Just Another Windy Conversation
Hansen Pole Buildings’ Designer Rick asked me this question today: “Mike, I got a guy who wants to compare an over wind rated building to a Quonset hut at 150 mph” (miles per hour).
Of course I jump right onto this one off the get go, “So the Quonset people have an engineer’s seal on a 150 mph building?” (Just call me a skeptic) “And even if they do – how functional is a Quonset hut?”
I’ve pointed out some Quonset challenges in a previous article: https://www.hansenpolebuildings.com/blog/2011/07/quonset-huts/
Rick, “I’ll check it, but for now I am about to call this guy back, the question is how high can I go up on the wind load and be reasonable?”
Hansen Pole Buildings has created a proprietary pole building design and pricing program which does some truly amazing things….but Rick had me stumped with this one!
For this particular client’s building site the Code wind speed design would be for 90 mph. There is a nifty little formula to convert mph to wind pressure (.00256 X wind speed squared). This makes a 150 mph wind speed applying 277% of the load force of 90 mph.
On this particular 40’ x 60’ x 13’ pole building, the difference in investment for the 277% more force….?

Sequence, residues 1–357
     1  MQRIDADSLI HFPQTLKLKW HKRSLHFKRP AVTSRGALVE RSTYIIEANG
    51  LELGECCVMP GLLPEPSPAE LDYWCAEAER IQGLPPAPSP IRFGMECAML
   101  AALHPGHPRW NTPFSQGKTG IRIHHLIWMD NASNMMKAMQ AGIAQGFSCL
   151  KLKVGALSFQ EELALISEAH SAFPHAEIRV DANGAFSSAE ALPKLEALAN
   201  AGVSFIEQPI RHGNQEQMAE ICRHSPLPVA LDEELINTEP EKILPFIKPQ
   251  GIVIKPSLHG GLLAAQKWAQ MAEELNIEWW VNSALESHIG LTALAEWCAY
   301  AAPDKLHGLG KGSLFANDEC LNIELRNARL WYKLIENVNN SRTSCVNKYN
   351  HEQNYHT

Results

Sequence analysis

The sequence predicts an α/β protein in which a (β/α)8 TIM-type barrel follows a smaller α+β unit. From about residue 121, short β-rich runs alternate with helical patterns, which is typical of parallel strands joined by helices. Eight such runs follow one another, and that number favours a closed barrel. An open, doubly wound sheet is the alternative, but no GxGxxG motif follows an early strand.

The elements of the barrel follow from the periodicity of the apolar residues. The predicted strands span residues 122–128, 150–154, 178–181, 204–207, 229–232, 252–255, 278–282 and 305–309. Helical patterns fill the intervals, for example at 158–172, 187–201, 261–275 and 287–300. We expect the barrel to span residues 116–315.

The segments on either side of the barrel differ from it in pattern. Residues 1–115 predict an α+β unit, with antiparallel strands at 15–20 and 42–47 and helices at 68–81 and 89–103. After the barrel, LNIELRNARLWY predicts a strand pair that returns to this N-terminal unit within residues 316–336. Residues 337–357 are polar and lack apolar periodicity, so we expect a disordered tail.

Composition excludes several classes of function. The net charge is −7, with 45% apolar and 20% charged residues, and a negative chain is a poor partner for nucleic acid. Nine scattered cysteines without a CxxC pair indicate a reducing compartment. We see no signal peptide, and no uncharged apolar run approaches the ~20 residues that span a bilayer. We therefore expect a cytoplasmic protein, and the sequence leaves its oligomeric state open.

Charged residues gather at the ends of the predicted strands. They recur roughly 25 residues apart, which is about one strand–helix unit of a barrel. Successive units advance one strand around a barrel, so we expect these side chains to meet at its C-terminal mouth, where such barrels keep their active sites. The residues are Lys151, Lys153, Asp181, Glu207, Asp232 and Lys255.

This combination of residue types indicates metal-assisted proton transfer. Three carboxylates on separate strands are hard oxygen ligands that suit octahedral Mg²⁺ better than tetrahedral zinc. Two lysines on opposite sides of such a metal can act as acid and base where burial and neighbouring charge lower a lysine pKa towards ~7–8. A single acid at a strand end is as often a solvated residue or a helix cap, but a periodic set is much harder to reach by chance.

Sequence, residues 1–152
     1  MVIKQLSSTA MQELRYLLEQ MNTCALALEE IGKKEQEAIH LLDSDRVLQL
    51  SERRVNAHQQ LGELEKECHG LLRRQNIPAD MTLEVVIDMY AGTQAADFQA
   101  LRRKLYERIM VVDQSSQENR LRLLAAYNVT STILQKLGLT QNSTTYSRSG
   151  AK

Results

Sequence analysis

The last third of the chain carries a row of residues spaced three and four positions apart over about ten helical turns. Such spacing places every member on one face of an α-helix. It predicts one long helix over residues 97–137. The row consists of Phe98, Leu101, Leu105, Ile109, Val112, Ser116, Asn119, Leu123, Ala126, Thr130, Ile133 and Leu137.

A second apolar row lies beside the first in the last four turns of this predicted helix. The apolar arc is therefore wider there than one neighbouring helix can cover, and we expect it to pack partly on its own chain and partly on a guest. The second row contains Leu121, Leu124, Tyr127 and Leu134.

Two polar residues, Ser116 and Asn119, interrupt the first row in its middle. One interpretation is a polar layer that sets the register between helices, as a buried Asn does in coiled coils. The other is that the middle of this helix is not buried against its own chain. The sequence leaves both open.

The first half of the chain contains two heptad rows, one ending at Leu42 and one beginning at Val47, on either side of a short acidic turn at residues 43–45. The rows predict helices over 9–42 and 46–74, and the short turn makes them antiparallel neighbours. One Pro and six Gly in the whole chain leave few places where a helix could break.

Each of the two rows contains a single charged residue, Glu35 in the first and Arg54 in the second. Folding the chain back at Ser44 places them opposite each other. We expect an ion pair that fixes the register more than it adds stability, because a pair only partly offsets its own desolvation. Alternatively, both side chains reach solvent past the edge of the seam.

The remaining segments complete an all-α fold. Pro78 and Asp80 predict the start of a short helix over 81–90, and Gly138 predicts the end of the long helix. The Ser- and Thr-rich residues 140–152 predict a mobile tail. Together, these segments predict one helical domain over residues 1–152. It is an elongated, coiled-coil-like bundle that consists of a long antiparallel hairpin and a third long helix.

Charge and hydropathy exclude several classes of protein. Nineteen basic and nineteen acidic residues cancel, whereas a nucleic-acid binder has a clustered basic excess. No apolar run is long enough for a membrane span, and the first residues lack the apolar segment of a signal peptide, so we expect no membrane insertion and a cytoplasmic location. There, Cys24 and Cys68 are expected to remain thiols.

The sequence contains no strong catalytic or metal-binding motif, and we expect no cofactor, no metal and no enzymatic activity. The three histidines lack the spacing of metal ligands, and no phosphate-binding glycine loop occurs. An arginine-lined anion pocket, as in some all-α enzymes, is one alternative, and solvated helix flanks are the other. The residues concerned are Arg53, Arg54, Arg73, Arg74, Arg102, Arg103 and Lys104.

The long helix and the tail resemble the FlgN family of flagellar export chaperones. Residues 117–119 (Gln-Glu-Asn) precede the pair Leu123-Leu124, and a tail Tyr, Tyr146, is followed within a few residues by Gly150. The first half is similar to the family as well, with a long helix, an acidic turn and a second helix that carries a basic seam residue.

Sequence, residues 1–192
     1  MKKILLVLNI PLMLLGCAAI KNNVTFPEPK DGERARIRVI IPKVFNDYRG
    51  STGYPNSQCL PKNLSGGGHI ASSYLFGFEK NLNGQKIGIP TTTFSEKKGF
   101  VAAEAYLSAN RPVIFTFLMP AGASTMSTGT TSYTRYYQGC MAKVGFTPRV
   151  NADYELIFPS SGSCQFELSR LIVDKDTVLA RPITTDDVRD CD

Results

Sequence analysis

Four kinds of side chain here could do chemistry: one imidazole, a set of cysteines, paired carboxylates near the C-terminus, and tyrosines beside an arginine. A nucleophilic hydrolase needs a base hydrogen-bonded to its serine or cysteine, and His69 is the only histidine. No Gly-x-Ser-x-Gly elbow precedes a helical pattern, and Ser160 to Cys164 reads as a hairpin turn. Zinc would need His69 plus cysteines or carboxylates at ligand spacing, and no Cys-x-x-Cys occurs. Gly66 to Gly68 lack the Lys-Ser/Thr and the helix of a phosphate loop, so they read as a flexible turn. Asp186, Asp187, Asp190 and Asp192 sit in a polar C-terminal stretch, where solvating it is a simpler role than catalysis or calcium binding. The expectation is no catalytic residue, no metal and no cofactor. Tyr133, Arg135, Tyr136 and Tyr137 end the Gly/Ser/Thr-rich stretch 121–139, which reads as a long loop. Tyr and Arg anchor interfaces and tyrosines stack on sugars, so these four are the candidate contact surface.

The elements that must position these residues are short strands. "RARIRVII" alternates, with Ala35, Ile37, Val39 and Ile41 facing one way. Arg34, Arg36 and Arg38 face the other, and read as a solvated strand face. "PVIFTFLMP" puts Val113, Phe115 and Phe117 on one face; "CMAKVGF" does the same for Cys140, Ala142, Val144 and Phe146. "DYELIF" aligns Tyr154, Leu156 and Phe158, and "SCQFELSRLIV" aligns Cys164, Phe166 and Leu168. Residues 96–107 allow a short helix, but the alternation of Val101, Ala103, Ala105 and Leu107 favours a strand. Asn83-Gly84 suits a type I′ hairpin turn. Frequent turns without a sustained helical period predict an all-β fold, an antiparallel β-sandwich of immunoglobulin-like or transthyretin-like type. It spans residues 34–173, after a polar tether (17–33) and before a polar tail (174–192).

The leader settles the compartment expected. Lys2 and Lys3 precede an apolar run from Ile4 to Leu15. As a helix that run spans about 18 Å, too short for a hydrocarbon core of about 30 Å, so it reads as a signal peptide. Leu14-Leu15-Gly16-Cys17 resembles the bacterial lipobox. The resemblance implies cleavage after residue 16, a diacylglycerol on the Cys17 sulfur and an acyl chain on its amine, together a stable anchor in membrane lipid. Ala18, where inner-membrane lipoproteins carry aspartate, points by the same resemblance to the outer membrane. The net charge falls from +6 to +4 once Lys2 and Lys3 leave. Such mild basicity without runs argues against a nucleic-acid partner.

Under 20% more!!
On many pole buildings, designing for extra wind resistance is minimal. For anyone considering a new building, I would certainly encourage them, at the least, to investigate an increase of 10 or 20 mph, at the least.
Next Rick decided to try a 200 mph wind speed (even though no Building Department anywhere in the United States has this requirement). We are now talking wind speeds only an EF-5 tornado would surpass!
Not surprising – our program would design the building…..at 200 mph!!
The sidebar to this story…..
The client wants to be able to pull a trailer out of his new building to live in if his house goes down!
So you are saying it’s possible to build a traditional, flat sided, metal building (box shape) and have at least a 150 mph wind rating? I am currently in the market looking at Quonset hut style metal buildings because I didn’t think most traditional style, flat wall, steel buildings could stand up to higher than 80 mph winds. I would definitely like more information as I live in north Texas near Oklahoma and we frequently get tornadoes and straight line winds of 80 mph to 100 mph.
Absolutely we can design for 150 mph wind speeds – or even greater. A Hansen Pole Buildings’ Designer will be reaching out to you shortly.